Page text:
To the Lighthouse | Criticism

This literature criticism consists of approximately 39 pages of analysis & critique of To the Lighthouse.
This section contains 11,148 words
(approx. 38 pages at 300 words per page)
Buy the Critical Essay by Martha C. Nussbaum

SOURCE: “The Window: Knowledge of Other Minds in Virginia Woolf's ‘To the Lighthouse,’” in New Literary History, Vol. 26, Autumn, 1995, pp. 731–53.

In the following essay, which was originally presented at the Seventeenth International Wittgenstein Symposium in Kirchberg/Wechsel, Austria, in 1994, Nussbaum discusses the ability of people to know and understand the minds of others as Woolf sets forth her theory in To the Lighthouse.

“How, then, she had asked herself, did one know one thing or another thing about people, sealed as they were?”1 Sitting close to Mrs. Ramsay, “close as she could get” (78), her arms around Mrs. Ramsay's knees, loving her intensely, Lily Briscoe wonders how to get inside her to see the “sacred inscriptions” in her heart, “which if one could spell them out, would teach one everything, but they would never be offered openly, never made public” (79). She searches for a technique by which these internal...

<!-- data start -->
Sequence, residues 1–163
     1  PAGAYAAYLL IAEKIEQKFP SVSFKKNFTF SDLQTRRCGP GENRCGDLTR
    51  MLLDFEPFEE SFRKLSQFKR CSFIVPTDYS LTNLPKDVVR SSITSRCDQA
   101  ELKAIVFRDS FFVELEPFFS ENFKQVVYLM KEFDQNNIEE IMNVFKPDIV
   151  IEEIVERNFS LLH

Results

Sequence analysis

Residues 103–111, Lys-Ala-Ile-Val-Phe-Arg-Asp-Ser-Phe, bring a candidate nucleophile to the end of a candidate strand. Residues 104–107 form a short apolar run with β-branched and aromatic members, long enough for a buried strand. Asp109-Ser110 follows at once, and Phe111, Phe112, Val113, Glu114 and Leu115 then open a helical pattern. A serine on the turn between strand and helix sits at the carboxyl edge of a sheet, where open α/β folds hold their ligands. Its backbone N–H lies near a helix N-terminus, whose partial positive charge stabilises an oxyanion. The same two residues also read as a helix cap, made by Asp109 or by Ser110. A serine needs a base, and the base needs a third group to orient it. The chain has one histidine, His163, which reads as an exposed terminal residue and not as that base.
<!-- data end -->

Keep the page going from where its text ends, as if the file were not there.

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This section contains 11,148 words
(approx. 38 pages at 300 words per page)
Buy the Critical Essay by Martha C. Nussbaum
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Critical Essay by Martha C. Nussbaum from Gale. ©2005-2006 Thomson Gale, a part of the Thomson Corporation. All rights reserved.
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